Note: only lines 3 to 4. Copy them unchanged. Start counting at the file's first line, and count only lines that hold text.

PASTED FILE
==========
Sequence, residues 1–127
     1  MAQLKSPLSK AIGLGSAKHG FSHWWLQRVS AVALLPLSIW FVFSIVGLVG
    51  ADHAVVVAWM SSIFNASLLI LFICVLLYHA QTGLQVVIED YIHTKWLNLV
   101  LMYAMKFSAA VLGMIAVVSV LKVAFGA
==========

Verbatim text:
    51  ADHAVVVAWM SSIFNASLLI LFICVLLYHA QTGLQVVIED YIHTKWLNLV
   101  LMYAMKFSAA VLGMIAVVSV LKVAFGA